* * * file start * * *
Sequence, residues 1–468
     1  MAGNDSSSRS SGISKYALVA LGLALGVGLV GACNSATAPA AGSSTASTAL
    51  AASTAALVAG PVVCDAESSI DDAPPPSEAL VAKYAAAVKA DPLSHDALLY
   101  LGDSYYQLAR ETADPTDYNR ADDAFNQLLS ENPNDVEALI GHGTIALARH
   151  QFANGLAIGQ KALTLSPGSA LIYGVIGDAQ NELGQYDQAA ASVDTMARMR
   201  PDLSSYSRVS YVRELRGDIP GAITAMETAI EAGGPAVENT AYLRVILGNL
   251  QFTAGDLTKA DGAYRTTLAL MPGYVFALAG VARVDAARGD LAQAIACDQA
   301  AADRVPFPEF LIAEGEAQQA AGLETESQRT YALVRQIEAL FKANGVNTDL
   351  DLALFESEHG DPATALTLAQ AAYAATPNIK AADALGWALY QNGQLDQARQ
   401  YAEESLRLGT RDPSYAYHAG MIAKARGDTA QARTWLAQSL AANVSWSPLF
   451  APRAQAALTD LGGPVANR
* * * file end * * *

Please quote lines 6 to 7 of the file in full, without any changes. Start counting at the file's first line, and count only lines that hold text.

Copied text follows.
   201  PDLSSYSRVS YVRELRGDIP GAITAMETAI EAGGPAVENT AYLRVILGNL
   251  QFTAGDLTKA DGAYRTTLAL MPGYVFALAG VARVDAARGD LAQAIACDQA